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Volunteer Spotlight: Sarah Barwinski

Meet Sarah. She is a newer member of The WARM Place Volunteer family, but that in no way lessens her commitment or passion for our mission and the children we serve. Even in a short amount of time she has found many opportunities to get involved and we hope her story and testimony will inspire you just as it did us.

Tell us about yourself! Friends, family, hobbies, pets, job, education, whatever you would like to share!

My husband (Jordan) and I live in Dallas (Lake Highlands) but our hearts will always belong to Fort Worth. TCU brought me to Fort Worth in 2013 and following graduation, I spent several years working for a tech company in Dallas, but I couldn’t stay away for long – I’m back at TCU, pursuing my MBA and set to graduate in May 2024. While my parents still live in my hometown of St. Louis, MO, my younger brother (who is also a Horned Frog) lives in Fort Worth, so they visit often. In my temporary “retirement”, I’ve learned to play mahjong, have always greatly enjoy reading and am training for the Cowtown Half Marathon (although the training is more aspirational at this point in the year).

We know your relationship started at The WARM Place as a Donor – can you tell us what initially inspired you to donate to The WARM Place?

It did! I was invited on a tour of The WARM Place through Junior League of Fort Worth, and before that experience was completely unaware of the work TWP was doing (and am so grateful to JLFW for introducing me!). I was really struck by the significance of The WARM Place’s work, while also recognizing that it is unique in what it offers. With that realization, it became important to us that we support TWP’s efforts in any way we were able to. While we lacked an abundance of time (then), we were able to commit to a (albeit small) monthly gift. We now give as a part of the Remember Me Giving Program, to honor my father-in-law, who we lost unexpectedly last year. That loss only reinforced how difficult (and frankly confusing) it is to navigate grief, and how important it is to have the right tools and support system in place to do so.

You recently started volunteering as a group facilitator on Monday nights – how has that been for you?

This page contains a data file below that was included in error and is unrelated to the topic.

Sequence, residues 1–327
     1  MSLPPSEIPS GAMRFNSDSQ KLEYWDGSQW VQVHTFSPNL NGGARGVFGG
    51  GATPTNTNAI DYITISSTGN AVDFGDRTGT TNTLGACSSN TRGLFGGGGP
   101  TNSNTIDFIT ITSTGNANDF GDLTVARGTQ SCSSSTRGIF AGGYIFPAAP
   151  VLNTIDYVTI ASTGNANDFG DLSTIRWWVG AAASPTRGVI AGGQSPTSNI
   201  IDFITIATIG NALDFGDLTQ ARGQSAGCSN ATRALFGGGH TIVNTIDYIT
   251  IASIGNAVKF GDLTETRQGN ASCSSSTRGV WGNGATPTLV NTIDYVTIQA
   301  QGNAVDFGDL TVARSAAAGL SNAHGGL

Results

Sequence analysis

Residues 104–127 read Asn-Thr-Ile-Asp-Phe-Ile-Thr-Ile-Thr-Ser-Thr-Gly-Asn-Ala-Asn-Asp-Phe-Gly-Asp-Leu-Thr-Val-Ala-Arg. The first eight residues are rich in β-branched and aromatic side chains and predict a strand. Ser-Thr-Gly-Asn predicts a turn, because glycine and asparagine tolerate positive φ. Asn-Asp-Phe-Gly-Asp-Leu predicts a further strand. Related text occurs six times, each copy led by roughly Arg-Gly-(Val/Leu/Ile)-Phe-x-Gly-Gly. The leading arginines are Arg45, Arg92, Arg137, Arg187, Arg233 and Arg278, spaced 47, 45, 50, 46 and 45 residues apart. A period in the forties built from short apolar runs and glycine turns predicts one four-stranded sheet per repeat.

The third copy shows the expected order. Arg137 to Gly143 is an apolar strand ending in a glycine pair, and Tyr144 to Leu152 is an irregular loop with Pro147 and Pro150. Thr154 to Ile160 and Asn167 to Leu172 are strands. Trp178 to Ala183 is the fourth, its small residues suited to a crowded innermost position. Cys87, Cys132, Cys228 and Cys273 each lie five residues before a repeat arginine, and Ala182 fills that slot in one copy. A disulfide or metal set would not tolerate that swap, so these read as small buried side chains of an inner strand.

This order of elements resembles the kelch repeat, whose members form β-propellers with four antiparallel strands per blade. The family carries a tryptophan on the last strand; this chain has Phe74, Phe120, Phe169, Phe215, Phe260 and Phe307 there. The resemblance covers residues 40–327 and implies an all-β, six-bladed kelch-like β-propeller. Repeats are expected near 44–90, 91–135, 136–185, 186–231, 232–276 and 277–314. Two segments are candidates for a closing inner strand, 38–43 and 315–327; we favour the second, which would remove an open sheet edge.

Volunteering as a group facilitator has been challenging in the absolutely best way possible. In the spirit of transparency, I was a bit nervous heading into my first night, that I wouldn’t know exactly what to say or I would say the wrong thing entirely. But in spending time with our group, I’ve found that listening is often what is needed most. I’m with the teens (Sons & Daughters) and have been astonished at the insightfulness of our group, as well as their kindness to each other in spite of everything else they’re navigating. Some nights the group delves into heavier topics and while that is absolutely critical to the process of grieving, other times the night is more lighthearted, and I’ve found that can be just as important to have. I think the important thing is that they are able to spend time with others their own age, who may have entirely different backgrounds and daily lives, but can connect with one another on that one deeply profound experience.

You even went to Camp Remember Me this year as a volunteer! What was an experience from that weekend that stands out to you?

What stood out to me most is the grit that the kiddos possess. For some of the campers, they were participating in the camp activities for the first time and yet that didn’t stop them. An entire weekend of trying new things is not for the faint of heart, and not something we necessarily face often as we grow older. I left the weekend with the reminder that resiliency is a muscle to be strengthened through practice, and Camp Remember Me was a wonderful opportunity to do just that.

What would you say to someone who is thinking about volunteering or even donating to The WARM Place?

First and foremost – thank you for considering The WARM Place! I think whenever we are faced with a worthy cause (such as childhood grief), it can feel overwhelming, as if in order to effect any change, we have to make this huge commitment. We may feel our imperfections disqualify us for volunteering, or our monthly donation amount is too small and wouldn’t make a difference, but I am a perfect example of someone who had a little bit to give (on both fronts) and that aggregation of everyone’s little bit adds up to be a really incredible something.

To become a WARM Place Volunteer and get involved like Sarah, click here to learn more!

Katy Kuack

Katy Kuack

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